In the previous parts of this mini-series, we have explored the way a synthesiser produces raw waveforms and how the timbre of those waveforms can be manipulated using filters. However, if this were all a synthesiser was capable off it would still be quite an underwhelming device. Enter modulation. Via the use of envelopes and LFOs a synth is able to bring sounds to life, providing them with movement and variation.
An envelope generator is used to automate some aspect of the instrument’s sound over time; most commonly loudness, pitch or filter cutoff. When a musical instrument produces sound, the loudness of the sound produced changes over time in a way that varies from instrument to instrument. The “attack” and “decay” of a sound have a great effect on the instrument’s sonic character. For example, when a guitar string is plucked the sound begins abruptly and quickly fades. By contrast, sounds generated by slowly bowing a violin or cello fade in and out slowly. A synthesiser’s EG can be used to closely mimic the response of acoustic instruments or alternatively, may be tweaked to create interesting and obscure results.
An envelope generally has four stages: attack, decay, sustain and release. (Note: Some envelopes will omit sustain or utilize only attack and release parameters). Attack, Decay and Release are all time-based parameters while Sustain is a level parameter.
Attack is how long the signal will take to travel from its minimum to its maximum. It is the first stage of the envelope and begins as soon as a note is played. Attack can be set to anything from an instant on (i.e the signal reaches its peak immediately) to very long times which fade in slowly.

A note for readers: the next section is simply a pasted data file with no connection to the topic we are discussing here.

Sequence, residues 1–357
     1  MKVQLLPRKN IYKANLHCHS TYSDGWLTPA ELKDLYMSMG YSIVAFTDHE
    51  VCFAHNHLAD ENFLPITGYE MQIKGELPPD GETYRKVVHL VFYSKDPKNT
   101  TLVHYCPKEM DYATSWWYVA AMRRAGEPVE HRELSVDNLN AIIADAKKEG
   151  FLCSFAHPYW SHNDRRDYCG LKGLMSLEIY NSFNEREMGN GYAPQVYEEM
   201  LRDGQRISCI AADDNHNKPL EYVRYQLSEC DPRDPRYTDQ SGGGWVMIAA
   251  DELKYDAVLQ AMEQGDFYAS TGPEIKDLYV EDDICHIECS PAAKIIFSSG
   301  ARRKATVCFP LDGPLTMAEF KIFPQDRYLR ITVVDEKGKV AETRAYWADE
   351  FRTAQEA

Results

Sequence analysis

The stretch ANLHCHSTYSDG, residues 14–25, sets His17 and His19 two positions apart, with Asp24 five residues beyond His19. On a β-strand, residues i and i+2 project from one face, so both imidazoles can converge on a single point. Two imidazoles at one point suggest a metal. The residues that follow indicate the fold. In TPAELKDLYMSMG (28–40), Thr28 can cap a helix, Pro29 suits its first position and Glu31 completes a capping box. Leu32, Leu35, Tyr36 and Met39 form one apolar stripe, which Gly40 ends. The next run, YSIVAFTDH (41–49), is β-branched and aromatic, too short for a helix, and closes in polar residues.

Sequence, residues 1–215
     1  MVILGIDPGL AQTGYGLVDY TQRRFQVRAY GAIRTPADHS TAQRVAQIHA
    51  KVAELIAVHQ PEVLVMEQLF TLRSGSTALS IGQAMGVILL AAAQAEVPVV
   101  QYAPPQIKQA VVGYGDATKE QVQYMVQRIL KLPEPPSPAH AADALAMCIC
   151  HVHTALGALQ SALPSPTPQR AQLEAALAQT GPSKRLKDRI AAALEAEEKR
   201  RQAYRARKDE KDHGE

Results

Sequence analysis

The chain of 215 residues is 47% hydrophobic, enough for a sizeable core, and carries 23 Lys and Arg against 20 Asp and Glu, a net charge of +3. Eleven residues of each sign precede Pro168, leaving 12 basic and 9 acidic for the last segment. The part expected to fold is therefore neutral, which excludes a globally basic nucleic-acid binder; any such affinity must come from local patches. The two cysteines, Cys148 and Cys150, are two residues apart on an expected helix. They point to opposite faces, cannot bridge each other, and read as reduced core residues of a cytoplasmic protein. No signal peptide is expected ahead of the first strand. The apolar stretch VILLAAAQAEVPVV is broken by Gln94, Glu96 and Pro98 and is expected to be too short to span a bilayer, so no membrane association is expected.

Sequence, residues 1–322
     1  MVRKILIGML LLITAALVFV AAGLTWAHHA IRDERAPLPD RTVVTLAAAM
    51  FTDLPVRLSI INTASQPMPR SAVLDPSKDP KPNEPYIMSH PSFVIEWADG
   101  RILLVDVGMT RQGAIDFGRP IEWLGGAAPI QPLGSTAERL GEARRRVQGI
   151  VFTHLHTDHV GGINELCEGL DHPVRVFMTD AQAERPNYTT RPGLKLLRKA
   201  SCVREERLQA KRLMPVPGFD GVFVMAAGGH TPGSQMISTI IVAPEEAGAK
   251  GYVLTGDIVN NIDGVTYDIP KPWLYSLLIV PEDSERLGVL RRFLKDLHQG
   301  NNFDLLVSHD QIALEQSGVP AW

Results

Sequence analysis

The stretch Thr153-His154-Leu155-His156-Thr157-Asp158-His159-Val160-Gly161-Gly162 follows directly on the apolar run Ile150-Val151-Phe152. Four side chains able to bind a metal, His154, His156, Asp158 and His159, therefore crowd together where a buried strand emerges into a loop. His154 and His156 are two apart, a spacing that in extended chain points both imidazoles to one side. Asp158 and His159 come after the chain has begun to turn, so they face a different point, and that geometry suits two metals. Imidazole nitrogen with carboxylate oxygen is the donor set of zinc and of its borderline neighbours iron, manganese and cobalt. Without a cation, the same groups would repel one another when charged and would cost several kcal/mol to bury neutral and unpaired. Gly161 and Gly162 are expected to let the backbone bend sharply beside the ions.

Decay is how long the signal will take to travel/decay from its maximum to its sustain level. The Decay, therefore, kicks in as soon as the attack stage is complete. A short decay will result in a fast drop to the sustain level while a long decay will slowly fade to the sustain level.
Sustain sets the level the signal will remain at as long as a key is pressed (or some signal keeps the envelope’s gate open). It kicks in as soon as the decay stage is complete. Remember, Sustain is a level control and it’s not defined by time. For this reason its corresponding parameter on the synthesiser sets the amount/level the signal will remain at while the key is held, rather than the length of time it will sustain for. Once the key is released (or the gate closes) the envelope will enter the release stage. There are however some exceptions to this general rule. For example, the Korg MS-20 implements an ADSHR (attack, decay, sustain, hold, release) envelope architecture. The “hold” parameter, could hold notes at the sustain level for a fixed length of time before decaying.
Release is how long the signal takes to travel from the sustain stage to its minimum (return to zero). As the name suggests it kicks in as soon as the key is released (or the gate closes).
These 4 controls work together to modulate various parameters on a synthesiser; the routing is dictated by the synth’s architecture. The Arturia Minibrute for example has fixed envelopes assigned to the filter cutoff and amplifier. By contrast, the Arturia Matrixbrute envelopes can be assigned to nearly any parameter on the synth by way of an input matrix.